How To Talk About Addiction

We are finally learning that certain disorders such as depression are not only real illnesses, but are potentially lethal illnesses – and not due to some kind of personal weakness or mental laziness

It’s time for society to recognize the same about addictions, and to stop blaming the victim.

To me, addictions are like cancer. Some of us never develop a cancer, despite personal habits that “should” lead to some form of it e.g. overweight, lack of exercise, poor diet, smoking, etc.

Others may have a small cancer that’s easily excised (such as a localized melanoma).

Yet others may have recurring bouts in different areas of their bodies.

And others die, suddenly, with little warning.

Addictions are like that. Some of us have so-called “non-addictive personalities” (is that term even used any more?).

Others struggle and overcome their addictions.

Tragically, some never can recover.

Do we blame those who die from cancer? Of course not.

Yet we blame the person who is struggling with addiction, on the premise that the addiction is a choice, while cancer is not.

I smoked from the time I was 14 until the age of 22. I loved smoking, and would go through two and a half packs of cigarettes a day. Then in my early 20s, the mornings began to suck. I’d wake up with a sore, dry throat and developed a cough and runny nose (“vasomotor rhinitis”, the doctor called it).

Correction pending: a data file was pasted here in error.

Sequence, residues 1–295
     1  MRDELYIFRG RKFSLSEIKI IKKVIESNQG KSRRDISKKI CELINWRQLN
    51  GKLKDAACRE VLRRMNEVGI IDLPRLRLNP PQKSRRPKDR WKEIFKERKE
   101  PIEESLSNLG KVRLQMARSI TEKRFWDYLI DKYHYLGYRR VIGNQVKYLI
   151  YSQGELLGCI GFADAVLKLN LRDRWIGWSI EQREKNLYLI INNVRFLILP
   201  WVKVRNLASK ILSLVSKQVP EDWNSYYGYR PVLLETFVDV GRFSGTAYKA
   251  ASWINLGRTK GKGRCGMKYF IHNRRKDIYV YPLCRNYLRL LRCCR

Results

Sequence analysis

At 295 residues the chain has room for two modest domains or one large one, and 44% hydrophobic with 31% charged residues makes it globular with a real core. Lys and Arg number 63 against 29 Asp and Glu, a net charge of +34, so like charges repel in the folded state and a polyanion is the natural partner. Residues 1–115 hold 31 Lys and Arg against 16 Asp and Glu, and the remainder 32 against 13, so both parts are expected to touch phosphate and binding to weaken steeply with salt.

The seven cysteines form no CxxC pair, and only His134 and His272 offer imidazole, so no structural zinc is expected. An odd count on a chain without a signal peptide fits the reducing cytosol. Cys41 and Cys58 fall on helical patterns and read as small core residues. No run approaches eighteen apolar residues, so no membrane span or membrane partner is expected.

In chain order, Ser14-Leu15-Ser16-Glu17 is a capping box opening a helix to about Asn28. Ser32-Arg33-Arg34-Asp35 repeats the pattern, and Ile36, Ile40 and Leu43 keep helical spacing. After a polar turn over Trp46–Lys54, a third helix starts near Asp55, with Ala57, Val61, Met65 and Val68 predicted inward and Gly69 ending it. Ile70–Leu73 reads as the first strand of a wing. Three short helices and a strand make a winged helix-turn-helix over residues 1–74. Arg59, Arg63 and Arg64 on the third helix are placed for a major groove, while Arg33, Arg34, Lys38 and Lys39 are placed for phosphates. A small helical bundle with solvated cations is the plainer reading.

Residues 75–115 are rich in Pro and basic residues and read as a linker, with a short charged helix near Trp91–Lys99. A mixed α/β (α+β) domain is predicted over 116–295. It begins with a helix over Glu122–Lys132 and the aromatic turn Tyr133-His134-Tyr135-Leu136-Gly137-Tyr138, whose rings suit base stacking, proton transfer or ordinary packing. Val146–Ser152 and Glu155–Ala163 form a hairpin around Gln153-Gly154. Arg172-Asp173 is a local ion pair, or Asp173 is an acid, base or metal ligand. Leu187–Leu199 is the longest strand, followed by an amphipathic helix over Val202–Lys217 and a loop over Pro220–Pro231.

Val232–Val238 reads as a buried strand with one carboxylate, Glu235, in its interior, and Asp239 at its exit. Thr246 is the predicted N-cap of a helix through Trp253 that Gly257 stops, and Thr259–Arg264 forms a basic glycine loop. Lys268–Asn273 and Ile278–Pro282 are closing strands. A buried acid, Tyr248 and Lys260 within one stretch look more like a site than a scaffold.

Smoking was no longer fun. One day I just quit cold turkey. Never had another, and never was tempted.

It was pretty much the same with alcohol. As a teenager I drank a lot. Really a lot.

But as an adult, it’s something I can take or leave. In the past 5 years, I don’t think I’ve had as many drinks as some people will have in a week, or even a day.

So yes, I find it challenging to understand how I’m so unaffected, but others are destroyed by their addictions. Just like I find it impossible to understand how my mother could die at the age of 32 of cancer, while another family member lived into his 90s in a daze of alcoholism and chain-smoking Camel non-filters.

Just because we don’t understand it because we don’t personally live with the daily struggle, doesn’t mean it’s not very real to the person next to us in the grocery line, the office down the hall, or even in our own home.

Be kind. Be thoughtful. Stop blaming. Everyone is fighting some kind of battle, one that may be a whole lot harder than you can imagine…. and may be a battle that could one day kill that person.

Categories: Alcoholism & Substance Abuse

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